There are few specialists at Joe A. Ross; a music teacher comes to the classrooms and holds lunchtime choir.
There are two phys-ed teachers, one who speaks Cree, but they are not specialists.
This will be Jamie’s first year playing soccer, and she’s really looking forward to it.
OCN education director Bev Fontaine explained kids start extended overnight field trips in Grade 4, picking a destination and fundraising throughout the year.
"We do have a music program," Fontaine said. "We do have limited musical instruments. We don’t have a full set for band."
Soccer has become a major activity in OCN, with four community fields for the students and adults, Fontaine said.
Extracurriculars are important for the kids, she said.
"We encourage it (for teachers), but it’s not a requirement.
Most of our teachers do some extracurriculars with the students.
"There’s a huge number of groups — we have square dancing, we have powwows. It’s above average, more than I see in other places," Fontaine said.
OCN students started school a week earlier than public school kids, but they finish at the same time.
"In February, we created a (mini) midwinter break," Fontaine said. "In the week before Louis Riel Day, kids are off school on the Thursday, and then Friday is the annual Trappers Festival." Held since 1916, the winter festival celebrates northern culture and heritage combined with a community carnival.
ImageTag)IT’S a good thing Linden Christian School has a pretty impressive sports program — that makes Stephen Grahl one happy camper.
In track and field last year, "I got first in nearly everything, so we went to regionals. Outside of school, I play hockey and soccer."
The faith-based private school on Wilkes Avenue just off Waverley Street has been Manitoba’s largest independent school since surpassing St. John’s-Ravenscourt School in enrolment in 2001. Enrolment is at 887 kids in kindergarten to Grade 12.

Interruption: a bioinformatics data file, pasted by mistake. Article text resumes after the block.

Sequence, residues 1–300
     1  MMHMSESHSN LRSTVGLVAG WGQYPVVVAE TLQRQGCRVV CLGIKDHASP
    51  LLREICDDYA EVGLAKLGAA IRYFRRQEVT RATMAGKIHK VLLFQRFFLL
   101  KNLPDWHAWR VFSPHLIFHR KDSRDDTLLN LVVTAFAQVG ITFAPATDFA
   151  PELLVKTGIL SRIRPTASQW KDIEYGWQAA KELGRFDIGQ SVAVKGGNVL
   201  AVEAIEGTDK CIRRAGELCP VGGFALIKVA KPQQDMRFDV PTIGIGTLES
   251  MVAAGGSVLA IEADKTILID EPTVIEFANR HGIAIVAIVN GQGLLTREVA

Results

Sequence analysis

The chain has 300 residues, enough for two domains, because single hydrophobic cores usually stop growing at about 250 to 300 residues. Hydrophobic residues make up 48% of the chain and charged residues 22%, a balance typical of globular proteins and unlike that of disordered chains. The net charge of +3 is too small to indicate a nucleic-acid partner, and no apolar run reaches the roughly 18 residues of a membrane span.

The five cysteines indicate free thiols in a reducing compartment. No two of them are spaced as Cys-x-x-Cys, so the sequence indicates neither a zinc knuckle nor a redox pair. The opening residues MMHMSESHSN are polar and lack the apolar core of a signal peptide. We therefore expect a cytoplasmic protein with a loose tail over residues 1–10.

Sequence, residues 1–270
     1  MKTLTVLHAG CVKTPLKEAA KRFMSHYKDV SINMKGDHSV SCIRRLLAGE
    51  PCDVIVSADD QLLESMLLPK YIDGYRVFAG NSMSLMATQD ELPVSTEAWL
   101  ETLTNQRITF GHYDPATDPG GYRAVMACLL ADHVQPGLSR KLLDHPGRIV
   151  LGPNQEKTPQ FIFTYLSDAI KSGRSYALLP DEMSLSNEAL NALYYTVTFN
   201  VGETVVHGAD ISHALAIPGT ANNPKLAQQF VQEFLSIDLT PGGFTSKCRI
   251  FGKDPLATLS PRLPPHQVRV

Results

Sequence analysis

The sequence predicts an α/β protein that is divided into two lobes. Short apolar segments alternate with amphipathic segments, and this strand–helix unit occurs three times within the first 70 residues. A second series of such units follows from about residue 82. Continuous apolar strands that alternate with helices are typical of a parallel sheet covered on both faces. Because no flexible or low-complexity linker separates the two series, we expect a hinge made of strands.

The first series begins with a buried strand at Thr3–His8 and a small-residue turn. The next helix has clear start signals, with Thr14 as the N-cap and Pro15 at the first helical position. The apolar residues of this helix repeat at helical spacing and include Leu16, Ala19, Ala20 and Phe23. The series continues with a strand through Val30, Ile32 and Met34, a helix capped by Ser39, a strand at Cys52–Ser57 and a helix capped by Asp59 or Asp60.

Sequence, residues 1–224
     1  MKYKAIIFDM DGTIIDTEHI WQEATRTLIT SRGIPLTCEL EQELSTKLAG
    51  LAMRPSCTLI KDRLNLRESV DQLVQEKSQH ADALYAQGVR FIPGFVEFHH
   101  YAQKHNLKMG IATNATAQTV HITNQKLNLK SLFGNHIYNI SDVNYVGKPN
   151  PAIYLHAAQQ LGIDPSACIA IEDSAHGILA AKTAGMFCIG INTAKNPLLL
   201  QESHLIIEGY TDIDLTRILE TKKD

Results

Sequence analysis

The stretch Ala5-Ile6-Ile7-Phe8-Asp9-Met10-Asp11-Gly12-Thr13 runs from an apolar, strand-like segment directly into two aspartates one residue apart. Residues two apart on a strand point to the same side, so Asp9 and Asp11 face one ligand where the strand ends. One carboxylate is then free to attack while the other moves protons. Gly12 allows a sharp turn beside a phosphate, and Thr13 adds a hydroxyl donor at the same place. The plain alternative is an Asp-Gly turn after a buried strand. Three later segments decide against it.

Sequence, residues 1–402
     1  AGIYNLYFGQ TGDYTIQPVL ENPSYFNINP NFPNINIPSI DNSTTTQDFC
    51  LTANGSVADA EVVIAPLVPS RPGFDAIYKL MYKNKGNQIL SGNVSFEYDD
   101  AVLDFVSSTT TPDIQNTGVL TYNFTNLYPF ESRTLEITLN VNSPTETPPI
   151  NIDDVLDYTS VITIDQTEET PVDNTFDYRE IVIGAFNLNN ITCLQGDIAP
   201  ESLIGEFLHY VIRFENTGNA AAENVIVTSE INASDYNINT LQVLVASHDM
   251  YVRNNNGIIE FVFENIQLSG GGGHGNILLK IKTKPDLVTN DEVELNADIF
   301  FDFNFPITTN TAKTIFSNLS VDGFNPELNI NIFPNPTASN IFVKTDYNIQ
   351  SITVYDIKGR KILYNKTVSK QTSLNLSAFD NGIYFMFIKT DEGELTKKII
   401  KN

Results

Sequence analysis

It’s Stephen’s fourth year at Linden Christian, after moving from rural Manitoba. This year, his class is to have 24 kids, half of them classmates from last June. "It does mix up, yes."
Stephen enjoys having specialized teachers for art, music, computer, French and phys-ed.
"They’re specialists," his mother, Myrna, points out.
Favourite subjects? OK, the first is a gimme.
"Gym and art. Experiments, I like that part of science," said Stephen, who’s also into performing arts, especially choir, and looks forward to Grade 6 when band starts. The school holds a spring concert.
Last year’s field trips were to the Stonewall quarry and a corn maze.
Stephen has chapel twice a week and Bible studies are part of his school work.
"Independent schools reflect the diversity in our province... a faith-based perspective," said principal Robert Charach.
Linden Christian starts classes at 8:30 a.m. to accommodate religious studies along with the full Manitoba curriculum.
"Our school really emphasizes band and choir. They have specialists from Day 1," said Charach, who pointed out that grades 7 to 12 art are taught by an art specialist. "None of the teachers teaches their own phys-ed. It’s specialists all the way through.
"All the kids are in band grades 6 to 8. All the kids are in choir grades 3 to 8," he said.
Elementary kids play in friendly sports tournaments against other schools, while the high school varsity program competes provincially in most sports.
"They do at least three field trips in a year; they’re all curriculum-related," Charach said.